Universal Coverage Involves Income Redistribution
April 2, 2004
In a series of recent reports, a committee of the Institute of Medicine (IOM) tried to make the case that universal health insurance is not costly relative to what the United States already spends on health care services.
The committee put forward four prototypes. The first approach would expand Medicaid and State Children's Health Insurance Program (SCHIP) eligibility, provide tax credits and lower the age of Medicare eligibility. The second option follows the general contours of the Clinton plan, an employer mandate coupled with a public program for those not covered through work. The third option involves individual mandates with tax subsidies, and the fourth, a single-payer, public plan.
Among the IOM projections:
- Universal coverage would boost spending, in 2001 dollars, by $34 billion to $69 billion annually.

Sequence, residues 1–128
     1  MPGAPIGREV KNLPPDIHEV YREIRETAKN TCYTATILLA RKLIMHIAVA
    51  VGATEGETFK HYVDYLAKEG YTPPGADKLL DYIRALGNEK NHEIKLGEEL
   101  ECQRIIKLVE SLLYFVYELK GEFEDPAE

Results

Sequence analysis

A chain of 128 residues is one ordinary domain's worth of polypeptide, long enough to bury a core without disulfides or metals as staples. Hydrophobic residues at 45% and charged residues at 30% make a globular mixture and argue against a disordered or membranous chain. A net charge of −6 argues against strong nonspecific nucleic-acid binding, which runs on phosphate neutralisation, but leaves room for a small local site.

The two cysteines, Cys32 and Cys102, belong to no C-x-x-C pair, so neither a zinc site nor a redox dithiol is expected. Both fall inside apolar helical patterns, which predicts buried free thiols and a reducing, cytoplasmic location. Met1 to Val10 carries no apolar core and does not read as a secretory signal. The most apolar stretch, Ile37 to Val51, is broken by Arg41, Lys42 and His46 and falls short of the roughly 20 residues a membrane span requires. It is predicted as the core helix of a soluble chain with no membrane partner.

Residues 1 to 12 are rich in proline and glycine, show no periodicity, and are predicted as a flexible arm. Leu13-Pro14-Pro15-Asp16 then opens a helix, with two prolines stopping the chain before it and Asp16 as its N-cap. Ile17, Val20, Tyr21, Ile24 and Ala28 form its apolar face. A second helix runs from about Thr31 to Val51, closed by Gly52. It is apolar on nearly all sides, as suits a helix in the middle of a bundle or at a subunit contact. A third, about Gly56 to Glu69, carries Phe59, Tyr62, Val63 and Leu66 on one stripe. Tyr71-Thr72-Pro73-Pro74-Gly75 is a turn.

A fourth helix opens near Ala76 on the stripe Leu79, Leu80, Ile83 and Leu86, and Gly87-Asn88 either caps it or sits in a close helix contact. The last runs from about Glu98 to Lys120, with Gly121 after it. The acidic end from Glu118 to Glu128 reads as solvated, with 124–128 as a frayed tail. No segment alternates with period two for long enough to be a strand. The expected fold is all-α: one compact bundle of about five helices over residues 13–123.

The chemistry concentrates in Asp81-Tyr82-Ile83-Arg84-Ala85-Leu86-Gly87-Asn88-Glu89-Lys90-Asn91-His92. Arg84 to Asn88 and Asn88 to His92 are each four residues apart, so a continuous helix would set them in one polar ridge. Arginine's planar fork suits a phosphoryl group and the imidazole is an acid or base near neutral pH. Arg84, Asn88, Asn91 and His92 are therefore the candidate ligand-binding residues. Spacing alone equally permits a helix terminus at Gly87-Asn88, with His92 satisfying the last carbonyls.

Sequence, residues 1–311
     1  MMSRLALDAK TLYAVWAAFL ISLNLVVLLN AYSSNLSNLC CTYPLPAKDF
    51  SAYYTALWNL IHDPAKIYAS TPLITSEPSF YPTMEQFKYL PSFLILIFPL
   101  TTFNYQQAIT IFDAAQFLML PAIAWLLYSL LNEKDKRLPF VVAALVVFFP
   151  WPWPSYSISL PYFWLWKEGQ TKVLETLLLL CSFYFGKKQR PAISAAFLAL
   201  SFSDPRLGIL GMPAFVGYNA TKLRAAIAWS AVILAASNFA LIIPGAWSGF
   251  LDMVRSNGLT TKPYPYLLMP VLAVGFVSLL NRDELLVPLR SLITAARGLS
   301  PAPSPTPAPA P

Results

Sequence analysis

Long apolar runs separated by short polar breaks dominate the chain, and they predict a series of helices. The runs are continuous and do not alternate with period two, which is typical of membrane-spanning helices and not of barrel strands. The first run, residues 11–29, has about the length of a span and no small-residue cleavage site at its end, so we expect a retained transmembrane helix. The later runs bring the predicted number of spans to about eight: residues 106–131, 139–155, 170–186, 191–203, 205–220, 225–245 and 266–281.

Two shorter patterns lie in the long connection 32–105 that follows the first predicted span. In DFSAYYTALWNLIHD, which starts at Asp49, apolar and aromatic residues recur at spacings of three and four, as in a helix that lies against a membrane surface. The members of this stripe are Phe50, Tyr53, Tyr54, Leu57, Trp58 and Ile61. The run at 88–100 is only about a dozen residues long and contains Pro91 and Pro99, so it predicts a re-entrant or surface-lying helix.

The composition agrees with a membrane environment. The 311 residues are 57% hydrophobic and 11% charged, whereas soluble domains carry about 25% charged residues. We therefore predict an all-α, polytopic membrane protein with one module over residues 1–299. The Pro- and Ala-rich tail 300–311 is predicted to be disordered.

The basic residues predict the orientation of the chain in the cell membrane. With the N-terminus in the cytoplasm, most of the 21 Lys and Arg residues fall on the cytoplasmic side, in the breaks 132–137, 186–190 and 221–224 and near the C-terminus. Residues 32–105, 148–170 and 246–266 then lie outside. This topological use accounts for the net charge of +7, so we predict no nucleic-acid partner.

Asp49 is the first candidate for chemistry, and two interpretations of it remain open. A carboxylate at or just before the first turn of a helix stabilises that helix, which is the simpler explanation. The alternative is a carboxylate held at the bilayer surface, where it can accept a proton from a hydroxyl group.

- This is about 3 to 6 percent of total spending on personal health care services.
- Critics charge the IOM estimate is likely to be unrealistically low.
The committee's estimate assumes that the uninsured would be provided with an average insurance policy, but roughly half of those who are already insured have below-average insurance policies. The cost of providing the uninsured with an average insurance policy will be greater than simply the cost of the additional services that the uninsured would use if they had such coverage.
According to economists Joseph P. Newhouse and Robert D. Reischauer, any universal insurance plan will increase the amount of redistribution not just from the healthy to the sick, but also from higher-income to lower-income households, and across workers at different firms.
With personal health care services constituting more than one-eighth of the economy, the scope of potential redistribution is larger than any non-wartime policy change except Social Security.
Source: Joseph P. Newhouse and Robert D. Reischauer, "The Institute Of Medicine Committee's Clarion Call For Universal Coverage," Web Exclusive, Health Affairs, March 31, 2004.
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